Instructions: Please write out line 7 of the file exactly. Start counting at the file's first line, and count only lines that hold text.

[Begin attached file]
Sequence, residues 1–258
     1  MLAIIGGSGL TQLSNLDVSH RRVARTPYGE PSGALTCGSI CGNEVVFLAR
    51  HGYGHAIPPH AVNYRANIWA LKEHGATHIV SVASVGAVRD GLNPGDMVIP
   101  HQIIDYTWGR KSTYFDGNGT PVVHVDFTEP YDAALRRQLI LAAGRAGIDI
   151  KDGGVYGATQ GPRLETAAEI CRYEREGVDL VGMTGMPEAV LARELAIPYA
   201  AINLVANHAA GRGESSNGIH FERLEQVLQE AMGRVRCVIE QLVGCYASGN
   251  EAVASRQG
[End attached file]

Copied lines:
   251  EAVASRQG